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How the First-time Homebuyer Tax Credit Worked


The Deets on the First-time Homebuyer Tax Credit
A real estate agent stands at the door of a house in Silver Spring, Maryland, where she held an open house in 2010 at the height of the homebuyer tax credit buying rush.
A real estate agent stands at the door of a house in Silver Spring, Maryland, where she held an open house in 2010 at the height of the homebuyer tax credit buying rush.
© JONATHAN ERNST/Reuters/Corbis

With the housing bubble bursting and the 2008 recession rearing its ugly head, many would-be homeowners balked at making such a huge financial commitment as buying a residence. However, the First-Time Homebuyer Credit assuaged some of the fear, by assuming a lower financial risk. "The newer homes in the area we wanted to live were out of our price range," explains Christy Cook, who cashed in on the credit in 2009. "We opted to buy an older home, so the tax credit helped us to fix some things that needed attention, which we wouldn't have been able to do otherwise."

The credit was available to first-time homebuyers during the time frame of April 8, 2008 to May 1, 2010, for the purchase of a full-time dwelling only. In other words, no fair buying it and then turning it into a profitable rental or vacation home! Interestingly, if a person purchased the residence and lived there full time, she could then rent out other portions of the home and still be able to receive the credit [source: IRS].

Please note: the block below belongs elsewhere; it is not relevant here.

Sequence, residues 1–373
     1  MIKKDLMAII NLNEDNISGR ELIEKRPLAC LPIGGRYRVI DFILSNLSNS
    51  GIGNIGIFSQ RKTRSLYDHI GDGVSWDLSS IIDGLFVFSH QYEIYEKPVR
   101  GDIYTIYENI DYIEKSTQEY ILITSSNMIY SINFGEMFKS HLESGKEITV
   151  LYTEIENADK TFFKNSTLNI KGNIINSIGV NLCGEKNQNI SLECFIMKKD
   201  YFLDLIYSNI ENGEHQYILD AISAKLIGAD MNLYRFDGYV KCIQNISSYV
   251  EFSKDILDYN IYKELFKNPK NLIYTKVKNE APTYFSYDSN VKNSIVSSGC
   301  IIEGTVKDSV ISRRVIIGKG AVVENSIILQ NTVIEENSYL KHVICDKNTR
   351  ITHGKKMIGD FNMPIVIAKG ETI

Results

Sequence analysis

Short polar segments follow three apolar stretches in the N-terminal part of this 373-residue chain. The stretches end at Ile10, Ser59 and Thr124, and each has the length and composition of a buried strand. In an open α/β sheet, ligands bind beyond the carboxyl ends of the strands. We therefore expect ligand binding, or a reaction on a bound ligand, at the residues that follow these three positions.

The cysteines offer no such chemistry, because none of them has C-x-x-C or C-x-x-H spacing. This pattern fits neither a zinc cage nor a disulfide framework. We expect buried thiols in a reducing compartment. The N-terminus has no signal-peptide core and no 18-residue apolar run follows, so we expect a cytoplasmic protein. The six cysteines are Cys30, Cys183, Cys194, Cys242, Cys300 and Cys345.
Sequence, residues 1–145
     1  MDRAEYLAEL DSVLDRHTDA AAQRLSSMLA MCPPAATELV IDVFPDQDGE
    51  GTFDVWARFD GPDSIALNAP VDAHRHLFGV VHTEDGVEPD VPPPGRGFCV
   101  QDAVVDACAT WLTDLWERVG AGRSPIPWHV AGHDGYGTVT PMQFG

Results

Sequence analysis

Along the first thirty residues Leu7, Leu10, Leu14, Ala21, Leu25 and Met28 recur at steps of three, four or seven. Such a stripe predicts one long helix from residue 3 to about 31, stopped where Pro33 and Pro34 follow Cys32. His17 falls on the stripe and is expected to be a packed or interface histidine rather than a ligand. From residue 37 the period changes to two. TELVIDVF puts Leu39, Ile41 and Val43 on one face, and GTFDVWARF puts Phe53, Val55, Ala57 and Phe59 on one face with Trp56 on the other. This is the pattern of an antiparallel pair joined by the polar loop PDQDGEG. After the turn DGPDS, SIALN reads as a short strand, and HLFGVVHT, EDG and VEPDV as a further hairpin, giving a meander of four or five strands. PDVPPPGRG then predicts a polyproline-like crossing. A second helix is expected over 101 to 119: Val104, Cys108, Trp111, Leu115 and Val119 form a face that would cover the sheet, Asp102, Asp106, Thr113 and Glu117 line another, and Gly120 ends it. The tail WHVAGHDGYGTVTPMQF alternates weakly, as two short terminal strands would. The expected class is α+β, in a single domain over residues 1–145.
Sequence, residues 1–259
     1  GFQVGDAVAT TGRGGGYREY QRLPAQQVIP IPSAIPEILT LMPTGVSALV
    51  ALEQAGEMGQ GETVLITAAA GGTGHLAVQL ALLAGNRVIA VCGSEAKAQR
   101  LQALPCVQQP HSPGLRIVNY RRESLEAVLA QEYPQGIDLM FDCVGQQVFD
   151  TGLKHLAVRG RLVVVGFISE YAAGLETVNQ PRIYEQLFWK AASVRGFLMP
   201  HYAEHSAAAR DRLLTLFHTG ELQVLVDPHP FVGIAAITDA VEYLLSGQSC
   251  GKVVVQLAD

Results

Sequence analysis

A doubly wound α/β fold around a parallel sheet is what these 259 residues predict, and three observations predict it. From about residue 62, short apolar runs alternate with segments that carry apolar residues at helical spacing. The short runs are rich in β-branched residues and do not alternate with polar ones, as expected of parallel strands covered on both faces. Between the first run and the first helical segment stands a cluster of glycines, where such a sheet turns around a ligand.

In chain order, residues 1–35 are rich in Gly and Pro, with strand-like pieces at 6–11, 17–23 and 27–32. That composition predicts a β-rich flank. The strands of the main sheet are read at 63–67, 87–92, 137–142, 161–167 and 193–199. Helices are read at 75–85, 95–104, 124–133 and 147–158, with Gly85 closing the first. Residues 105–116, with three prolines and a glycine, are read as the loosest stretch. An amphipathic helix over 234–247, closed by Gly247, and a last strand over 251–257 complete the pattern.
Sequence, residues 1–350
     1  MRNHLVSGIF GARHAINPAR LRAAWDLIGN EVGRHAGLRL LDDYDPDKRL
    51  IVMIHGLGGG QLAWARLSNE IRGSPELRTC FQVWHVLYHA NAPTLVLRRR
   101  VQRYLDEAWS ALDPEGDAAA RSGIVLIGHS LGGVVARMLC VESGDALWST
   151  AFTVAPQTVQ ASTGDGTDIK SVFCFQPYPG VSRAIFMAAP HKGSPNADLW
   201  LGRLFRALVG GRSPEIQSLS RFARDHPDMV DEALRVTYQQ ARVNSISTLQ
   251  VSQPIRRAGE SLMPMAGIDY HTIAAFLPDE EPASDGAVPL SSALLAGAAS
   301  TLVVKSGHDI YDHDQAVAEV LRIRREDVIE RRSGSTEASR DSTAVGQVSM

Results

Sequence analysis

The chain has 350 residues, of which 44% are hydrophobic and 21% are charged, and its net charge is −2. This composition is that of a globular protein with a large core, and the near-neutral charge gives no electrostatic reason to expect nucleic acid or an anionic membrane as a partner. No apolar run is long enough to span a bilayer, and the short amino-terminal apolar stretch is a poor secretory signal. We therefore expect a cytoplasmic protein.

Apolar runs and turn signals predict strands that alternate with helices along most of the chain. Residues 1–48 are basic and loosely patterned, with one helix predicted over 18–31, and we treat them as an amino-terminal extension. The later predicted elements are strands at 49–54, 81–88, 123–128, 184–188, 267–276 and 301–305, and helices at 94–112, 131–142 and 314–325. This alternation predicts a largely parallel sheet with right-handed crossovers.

The term "first-time buyer" was relatively flexible, as the credit was up for grabs to those who had never owned a home, or who had not owned a residence in at least three years [source: Manni]. The amount available ranged from 10 percent of the home's purchase price, up to a max of $7,500 or $8,000, depending on year of purchase. So, homebuyers in at least the $75,000/$80,000 price range were able to take full advantage of the perk.

In a twist that pleased many, the U.S. government expanded the credit to long-time homeowners just itching to upgrade to a replacement home. Purchase had to take place after Nov. 6, 2009, for a maximum $6,500 credit [source: IRS]. Long-time homeowners were defined as having owned and used the property as a principal residence for a minimum of five years. That half-decade period had to take place consecutively within the eight years before applying for the credit [source: Bell]. For families or other owners interested in shedding a starter home for something roomier, this credit was just the kick in the pants they needed to start house-hunting, if with a little bit of extra caution.


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